Well it is safe to say that there has been more than a little discussion and debate around our current man in charge this season.
In a dramatic turn around, Alan Pardew has gone from being the EPL Manager of the Year to a manager bereft of confidence and ideas in the short space of 12 months.
It is no secret that we are playing well below par and that we are not playing any free flowing attacking football. I could bang out a myriad of excuses for our poor play but you have all heard them before, many of them right from the man in charge himself. Regretfully and probably more disappointingly, our current plight has me muttering the words “I’ve seen this all before” and “here we go again,” like others I guess.
So it got me thinking about our managers past and present and the task they have of actually managing a Newcastle side to some form of success. Below is a table of the managers that have tried to steer us to glory. Please note that I have shortened the list to the 1990’s to keep it slightly more compact and relevant with modern football.
As you can see (or if you can’t then click on the image to zoom!) there is a host of names that have taken up the challenge and it is surprising to see that the majority of managers over the past 20 years or so have been from the UK. Is this a bad thing? I am not too sure about that.
Our two non-British managers in Gullit and Ardiles didn’t really set the league alight with a huge amount of wins. But the interesting thing is that they only had roughly 12 months in charge before being replaced. Now I am not sure if that is enough time to really stamp your style of play on a team. Maybe given some time they might have gained some success?
We have tried big name managers, old players as managers and even managers that no one else would employ, but none have placed any significant silverware into our trophy cabinet. Sir Bobby gave it a good shot and was unlucky to be sacked when he was and Kevin Keegan also came close to glory the first time around.
Some of the problem stems from the trigger-fingers of our owners throughout the years. Quick to fire when results are not as they should be, we have seen many of our managers sacked with very little time clocked up at the helm. So many managers have tried and ultimately failed and you have to begin to wonder if something more sinister is in play. Surely they can’t ALL be bad?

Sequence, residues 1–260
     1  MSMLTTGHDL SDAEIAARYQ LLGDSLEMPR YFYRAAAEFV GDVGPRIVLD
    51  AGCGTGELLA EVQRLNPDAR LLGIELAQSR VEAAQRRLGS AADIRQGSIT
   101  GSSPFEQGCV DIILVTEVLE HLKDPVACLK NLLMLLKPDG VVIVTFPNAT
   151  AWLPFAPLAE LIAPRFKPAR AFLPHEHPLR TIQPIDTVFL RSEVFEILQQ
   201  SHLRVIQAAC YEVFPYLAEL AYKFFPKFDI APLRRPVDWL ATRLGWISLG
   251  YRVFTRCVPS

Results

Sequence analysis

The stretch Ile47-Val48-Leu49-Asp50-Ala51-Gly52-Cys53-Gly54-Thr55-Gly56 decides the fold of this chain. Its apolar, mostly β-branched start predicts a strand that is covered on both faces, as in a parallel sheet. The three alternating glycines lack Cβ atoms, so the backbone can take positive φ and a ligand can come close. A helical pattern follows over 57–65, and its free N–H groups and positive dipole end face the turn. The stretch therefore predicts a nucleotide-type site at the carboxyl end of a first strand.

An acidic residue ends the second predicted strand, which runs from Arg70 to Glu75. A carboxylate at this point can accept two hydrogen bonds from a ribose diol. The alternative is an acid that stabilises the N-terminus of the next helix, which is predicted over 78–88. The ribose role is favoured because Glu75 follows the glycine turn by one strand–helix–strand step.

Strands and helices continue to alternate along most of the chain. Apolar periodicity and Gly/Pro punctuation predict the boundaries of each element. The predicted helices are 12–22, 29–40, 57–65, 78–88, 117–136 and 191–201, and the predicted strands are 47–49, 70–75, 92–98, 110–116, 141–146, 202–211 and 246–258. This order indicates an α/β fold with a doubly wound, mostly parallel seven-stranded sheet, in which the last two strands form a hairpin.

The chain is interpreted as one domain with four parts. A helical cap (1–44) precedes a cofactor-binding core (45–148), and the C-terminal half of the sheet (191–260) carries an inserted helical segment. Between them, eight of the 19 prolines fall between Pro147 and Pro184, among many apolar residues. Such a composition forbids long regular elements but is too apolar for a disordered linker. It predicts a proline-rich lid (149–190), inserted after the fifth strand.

In my opinion, there really seems to be a long standing culture of mediocrity surrounding Newcastle United. I have seen this type of thing in many sporting clubs from different codes; where no matter what is done to improve things, it ultimately doesn’t work out. I am not saying that it is a conscience thing, no one is deliberately trying to fail but it seems over a period of time everyone falls into a cadence of simply going through the motions.
Newcastle fans are renowned as passionate supporters but some have now begrudgingly succumbed to the fact that we may never win any real silverware of substance. A mid-table finish in the league could now almost be considered a good result. Not for one second do I think that this acceptable but it is hard to combat these sinister forces that are holding our beloved club down.
Look, I am being overly dramatic regarding the sinister forces line but I believe that until the culture of the club changes from the top down, we will be looking at repeating our poor performances for years to come. A winning culture is not born from sacking a manager after five losses in a row or buying lots of expensive players; it is about positive talk, actions and well delivered plans. Words like, “We will have to sell before we can buy” must be struck from our vernacular as it is a breeds a losing mentality. We may very well need to sell to buy but we don’t need it ringing through the players ears as the train and play.
Obviously I’m no sports psychologist but you don’t need to be one to see that everyone from the players to the MD, are not pulling in the same direction.
I am tired of the words “We are a big club”. We are not a big club, we are a Great Club!
Over the years, I am not sure that enough of our owners, managers, coaches and players have bought into this way of thinking to be honest. Kevin Keegan and Sir Bobby apart, most of the managerial appointments have failed miserably. Is it entirely the manager fault when thing are bad? Probably not but I think there is a little more to our lack of success over the years than the managers in charge on game day.
I may very well be barking up the wrong tree so I would love to hear your views on what I have put forward.
Aussie Magpie Fan